Carly Fiorina Loves Addiction Treatment, But Hates Drug Legalization

By Stanton Peele 09/29/15

Why is Fiorina using a personal tragedy to highlight her opposition to legalization?

Carly Fiorina

Carly Fiorina spoke movingly at the second Republican presidential debate about the death of her daughter due to addiction. Fiorina wrote about her daughter’s (actually, stepdaughter’s) death in her memoir. As a result, she believes, “drug addiction shouldn’t be criminalized.” 

This sounds as though Fiorina is a drug-reform candidate, one who wishes to eliminate often-draconian drug laws that have sent so many to prison. But she’s not—since Carly Fiorina's daughter died from alcohol, prescription drugs, and bulimia—she's against marijuana.

At the debate, she spoke out strongly against marijuana legalization after describing her daughter’s death. She won’t even tolerate states like Colorado, Oregon, Washington, and soon California, where Fiorina lives, deciding on their own to legalize.

In response to Jeb Bush confessing to having smoked marijuana when he was younger, she retorted, “The pot today is very different than the pot Jeb smoked 40 years ago.” She said that others who support legalization, like Rand Paul, are doing a disservice when they say pot is like beer. “It’s not!”

Fiorina's statement in the last paragraph is highly ironic because, so far as Fiorina has written, her stepdaughter Lori’s death came because she “drank heavily in college and later, while working in pharmaceutical sales, she began abusing prescription drugs. Bulimia made the problem even worse.”

Then why focus on keeping marijuana illegal?  All of the substances implicated in her daughter’s death are, in fact, legal.

Why does Fiorina oppose marijuana at such a gut level? Indeed, when she received radiation for her breast cancer, she refused medical marijuana: “I remember when I had cancer, my doctor asked me if I had an interest in medicinal marijuana. I did not, and he said good, because marijuana is a very complex chemical substance, we don’t understand how it interacts with other drugs, we don’t understand what it does to your body.”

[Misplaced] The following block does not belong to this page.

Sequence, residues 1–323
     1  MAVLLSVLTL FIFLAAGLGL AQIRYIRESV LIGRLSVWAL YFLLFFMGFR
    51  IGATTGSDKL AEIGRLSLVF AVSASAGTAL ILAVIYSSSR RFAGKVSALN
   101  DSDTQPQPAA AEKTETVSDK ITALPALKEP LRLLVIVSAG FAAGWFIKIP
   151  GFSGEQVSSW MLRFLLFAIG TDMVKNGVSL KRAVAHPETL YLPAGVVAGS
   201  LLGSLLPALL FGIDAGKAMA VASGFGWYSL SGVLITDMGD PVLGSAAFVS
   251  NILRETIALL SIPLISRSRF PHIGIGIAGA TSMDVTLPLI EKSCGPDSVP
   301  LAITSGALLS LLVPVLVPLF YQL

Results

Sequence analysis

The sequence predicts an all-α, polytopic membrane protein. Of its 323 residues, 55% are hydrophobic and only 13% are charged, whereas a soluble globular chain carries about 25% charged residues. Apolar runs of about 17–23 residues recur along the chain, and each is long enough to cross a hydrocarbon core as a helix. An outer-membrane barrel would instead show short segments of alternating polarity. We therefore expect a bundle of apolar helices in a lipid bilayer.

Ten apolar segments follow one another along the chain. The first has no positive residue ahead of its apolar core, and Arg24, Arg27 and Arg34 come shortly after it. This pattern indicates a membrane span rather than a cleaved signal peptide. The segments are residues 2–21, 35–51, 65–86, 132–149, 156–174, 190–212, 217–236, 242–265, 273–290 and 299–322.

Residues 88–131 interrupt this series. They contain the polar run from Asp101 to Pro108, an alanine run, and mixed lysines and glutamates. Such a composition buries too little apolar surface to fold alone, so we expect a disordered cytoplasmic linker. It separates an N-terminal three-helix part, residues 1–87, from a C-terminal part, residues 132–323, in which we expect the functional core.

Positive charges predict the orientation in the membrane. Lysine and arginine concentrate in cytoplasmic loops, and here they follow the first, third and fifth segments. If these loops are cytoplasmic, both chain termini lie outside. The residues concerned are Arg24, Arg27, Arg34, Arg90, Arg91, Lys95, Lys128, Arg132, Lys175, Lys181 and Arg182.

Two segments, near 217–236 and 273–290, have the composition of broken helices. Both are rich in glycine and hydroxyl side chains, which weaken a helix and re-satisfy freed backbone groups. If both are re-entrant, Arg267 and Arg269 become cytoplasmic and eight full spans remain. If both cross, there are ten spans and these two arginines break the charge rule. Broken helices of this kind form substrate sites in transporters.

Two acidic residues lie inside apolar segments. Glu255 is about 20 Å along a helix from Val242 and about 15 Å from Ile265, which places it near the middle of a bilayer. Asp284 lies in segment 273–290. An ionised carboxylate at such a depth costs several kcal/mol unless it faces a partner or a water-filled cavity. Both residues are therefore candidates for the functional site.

Fiorina is against drugs, pure and simple. She is of that generation and class of people, like potential Democratic presidential candidate Joe Biden, who despises drugs. She feels they are alien to her way of life, and so they should be forbidden to everybody.  

This attitude is linked to her concept of the disease of addiction, as she indicated during the debate. This is why Fiorina believes that people should be treated for addiction, rather than be imprisoned, on the one hand, at the same time that she thinks that drugs should remain illegal.

The excluded middle includes people who use drugs like marijuana for pleasure and don’t experience problems, or else who choose to deal with their substance problems on their own. This same outlook is reflected, once again, by Democrat Joe Biden. Biden proposed the “Recognizing Addiction as a Disease Act” before he left the Senate to run for Vice President (though it was never voted on).

Biden is also known to be the Obama administration’s biggest opponent to marijuana legalization. Yet, when Biden’s son Hunter tested positive for cocaine while serving in the Naval Reserve, the younger Biden seemingly did not enter treatment. And, of course, he wasn’t criminally prosecuted for his drug use.

Perhaps, Hunter felt he was a well-controlled drug user. Or else, he might not think much of standard addiction treatment. He could base the latter opinion on Fiorina’s experience. For in her campaign memoir in which she discussed her breast cancer, Rising to the Challenge, Fiorina wrote about Lori’s death at age 35: